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Florida, Georgia COVID-19 vaccine sites expand eligibility

More people eager to get the shot
Posted at 9:11 AM, Mar 16, 2021
and last updated 2021-03-16 09:11:25-04

TALLAHASSEE, Fla. (WTXL) — As the doors open for more in Florida and Georgia to get the COVID-19 vaccine, that means more people also getting turned away. Varying sites are making sure only those who qualify get the shot.

For Frank and Margaret Zubrick, getting the COVID-19 vaccine at the Florida State University site was simple.

"The registration was straightforward. It gave us a time and we came down," said Frank Zubrick.

The site at FSU requires ID to prove you qualify. In Florida, you can now get the vaccine if you're 60 or older, a K-12 teacher, or a firefighter or law enforcement officer 50 or older. You also qualify if you have a note from a doctor saying you have an illness that makes you medically vulnerable.

While many online registrations only ask you to prove those qualifications online, at the Al Lawson Center, those questions are asked face to face.

"We do our registration on site and we ask everybody to provide us with their ID, said site director Tanya Tatum.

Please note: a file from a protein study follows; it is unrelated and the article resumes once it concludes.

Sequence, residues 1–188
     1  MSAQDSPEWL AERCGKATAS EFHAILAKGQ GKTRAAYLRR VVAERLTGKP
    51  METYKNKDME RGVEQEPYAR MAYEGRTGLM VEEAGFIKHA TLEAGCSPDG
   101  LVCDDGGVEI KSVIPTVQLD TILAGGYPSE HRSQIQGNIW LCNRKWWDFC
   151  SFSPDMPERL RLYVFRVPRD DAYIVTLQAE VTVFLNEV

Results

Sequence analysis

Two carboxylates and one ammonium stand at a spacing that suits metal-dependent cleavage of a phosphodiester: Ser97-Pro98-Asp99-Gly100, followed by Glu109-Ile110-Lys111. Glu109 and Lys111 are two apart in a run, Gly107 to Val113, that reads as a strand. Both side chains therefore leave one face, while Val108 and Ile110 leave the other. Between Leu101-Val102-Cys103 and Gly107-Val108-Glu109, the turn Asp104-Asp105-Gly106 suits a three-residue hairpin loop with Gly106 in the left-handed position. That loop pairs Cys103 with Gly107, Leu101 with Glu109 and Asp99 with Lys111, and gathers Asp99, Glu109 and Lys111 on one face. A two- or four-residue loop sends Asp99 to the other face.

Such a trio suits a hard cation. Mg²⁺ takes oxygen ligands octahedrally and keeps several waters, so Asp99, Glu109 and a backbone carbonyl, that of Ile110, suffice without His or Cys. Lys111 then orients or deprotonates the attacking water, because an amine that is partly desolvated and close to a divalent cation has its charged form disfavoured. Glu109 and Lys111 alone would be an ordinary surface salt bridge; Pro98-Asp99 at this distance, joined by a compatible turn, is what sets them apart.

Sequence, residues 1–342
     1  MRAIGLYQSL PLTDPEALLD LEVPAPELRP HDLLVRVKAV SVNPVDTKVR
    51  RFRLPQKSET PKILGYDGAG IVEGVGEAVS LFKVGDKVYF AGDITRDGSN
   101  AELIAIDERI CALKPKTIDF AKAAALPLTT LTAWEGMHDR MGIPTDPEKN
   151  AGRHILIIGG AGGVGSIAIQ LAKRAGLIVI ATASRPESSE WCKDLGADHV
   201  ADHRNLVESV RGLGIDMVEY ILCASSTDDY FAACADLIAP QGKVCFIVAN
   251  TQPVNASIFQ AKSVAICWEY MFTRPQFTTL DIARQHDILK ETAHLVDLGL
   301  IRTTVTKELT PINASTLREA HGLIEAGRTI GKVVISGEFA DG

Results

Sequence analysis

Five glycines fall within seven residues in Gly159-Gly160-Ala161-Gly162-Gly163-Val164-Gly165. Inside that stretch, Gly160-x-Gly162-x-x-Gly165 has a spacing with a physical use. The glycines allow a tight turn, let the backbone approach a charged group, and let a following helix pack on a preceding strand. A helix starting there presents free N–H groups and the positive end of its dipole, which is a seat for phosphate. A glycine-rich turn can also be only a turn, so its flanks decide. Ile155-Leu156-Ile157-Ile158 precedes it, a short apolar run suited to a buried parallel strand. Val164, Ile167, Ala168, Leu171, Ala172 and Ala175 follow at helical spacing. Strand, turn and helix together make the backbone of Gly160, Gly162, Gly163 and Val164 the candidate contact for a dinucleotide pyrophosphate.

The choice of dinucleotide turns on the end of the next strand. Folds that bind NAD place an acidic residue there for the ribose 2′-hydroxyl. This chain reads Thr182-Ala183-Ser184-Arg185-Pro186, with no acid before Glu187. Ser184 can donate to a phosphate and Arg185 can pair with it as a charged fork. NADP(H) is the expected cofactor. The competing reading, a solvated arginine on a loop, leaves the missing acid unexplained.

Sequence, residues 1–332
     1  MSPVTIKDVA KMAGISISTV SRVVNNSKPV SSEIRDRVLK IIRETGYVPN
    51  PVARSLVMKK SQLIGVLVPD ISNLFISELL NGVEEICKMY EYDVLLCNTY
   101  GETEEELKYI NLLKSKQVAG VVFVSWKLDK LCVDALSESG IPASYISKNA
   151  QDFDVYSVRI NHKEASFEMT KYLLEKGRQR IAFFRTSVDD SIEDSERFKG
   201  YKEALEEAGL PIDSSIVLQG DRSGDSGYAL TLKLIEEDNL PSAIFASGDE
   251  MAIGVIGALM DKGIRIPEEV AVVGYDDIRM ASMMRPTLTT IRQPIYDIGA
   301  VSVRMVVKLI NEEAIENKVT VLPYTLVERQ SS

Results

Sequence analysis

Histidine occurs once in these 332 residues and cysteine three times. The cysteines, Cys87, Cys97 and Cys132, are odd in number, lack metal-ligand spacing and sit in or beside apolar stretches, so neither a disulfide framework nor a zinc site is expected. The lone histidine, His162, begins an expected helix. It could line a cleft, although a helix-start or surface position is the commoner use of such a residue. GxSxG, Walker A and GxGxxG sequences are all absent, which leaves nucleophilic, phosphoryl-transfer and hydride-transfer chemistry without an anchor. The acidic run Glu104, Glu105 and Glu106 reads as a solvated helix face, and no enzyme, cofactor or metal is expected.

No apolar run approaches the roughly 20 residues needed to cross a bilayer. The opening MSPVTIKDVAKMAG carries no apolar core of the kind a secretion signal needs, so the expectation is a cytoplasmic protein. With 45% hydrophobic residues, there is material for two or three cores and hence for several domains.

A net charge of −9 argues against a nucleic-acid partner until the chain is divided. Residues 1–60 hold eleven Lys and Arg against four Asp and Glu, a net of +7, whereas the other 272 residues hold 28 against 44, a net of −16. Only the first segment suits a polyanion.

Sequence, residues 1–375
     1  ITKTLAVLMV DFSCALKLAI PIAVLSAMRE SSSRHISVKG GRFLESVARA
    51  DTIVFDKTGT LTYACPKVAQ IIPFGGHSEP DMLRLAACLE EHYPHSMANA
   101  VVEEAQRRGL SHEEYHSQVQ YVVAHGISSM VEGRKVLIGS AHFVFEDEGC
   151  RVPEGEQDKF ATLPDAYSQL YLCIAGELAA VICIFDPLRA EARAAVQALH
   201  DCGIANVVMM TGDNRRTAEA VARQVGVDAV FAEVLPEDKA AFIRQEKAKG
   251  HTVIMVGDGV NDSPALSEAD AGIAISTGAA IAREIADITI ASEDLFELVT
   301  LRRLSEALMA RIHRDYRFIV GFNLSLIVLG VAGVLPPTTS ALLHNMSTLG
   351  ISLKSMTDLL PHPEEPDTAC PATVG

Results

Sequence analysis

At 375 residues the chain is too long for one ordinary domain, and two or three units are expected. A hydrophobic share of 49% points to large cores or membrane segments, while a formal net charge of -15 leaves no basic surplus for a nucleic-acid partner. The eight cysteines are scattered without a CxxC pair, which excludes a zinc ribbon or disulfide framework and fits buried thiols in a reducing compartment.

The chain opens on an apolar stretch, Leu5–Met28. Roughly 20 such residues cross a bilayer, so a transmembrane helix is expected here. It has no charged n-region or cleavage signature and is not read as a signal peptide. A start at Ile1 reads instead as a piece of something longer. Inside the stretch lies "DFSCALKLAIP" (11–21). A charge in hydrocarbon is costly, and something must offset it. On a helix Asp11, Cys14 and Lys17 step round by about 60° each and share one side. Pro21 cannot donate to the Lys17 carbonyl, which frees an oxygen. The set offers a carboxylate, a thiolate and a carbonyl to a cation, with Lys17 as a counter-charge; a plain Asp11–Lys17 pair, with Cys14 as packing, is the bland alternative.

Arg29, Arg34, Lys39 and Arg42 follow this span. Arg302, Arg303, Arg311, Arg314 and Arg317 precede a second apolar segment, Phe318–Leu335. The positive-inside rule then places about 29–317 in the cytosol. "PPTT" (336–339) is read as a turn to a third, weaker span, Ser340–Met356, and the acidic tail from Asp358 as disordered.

For the first day of extended qualifications, the site on Florida A & M's campus saw its busiest day yet with 177 people stopping by.

At Publix, a spokesperson told ABC 27 says while the online site asks you to check the box detailing how you qualify, their team will also want to see proof at your appointment.

It's a similar process across state lines in Georgia.

"Anyone who calls is questioned. We want to know what the category of eligibility is," said Southwest Georgia Director of Public Health Dr. Charles Ruis.

Anyone 55 and older can get vaccinated in Georgia, along with school employees, people with disabilities, and people 16 and older with medical conditions that put them at a higher risk of a severe case of COVID-19.

"We are asking people to be honest with us. We don't have time to verify everyone's diagnosis, said Dr. Ruis.

Dr. Ruis is now urging ineligible people to save the existing doses for those who need it.

"People who don't meet the current guidelines are generally very healthy. Your neighbor gets the vaccine, but you still benefit because the virus spreads through the most susceptible people," he said.

You can call to schedule an appointment with any of the health departments 6 days a week.

The Al Lawson Center walk-up site is open seven days a week from 9 to 1.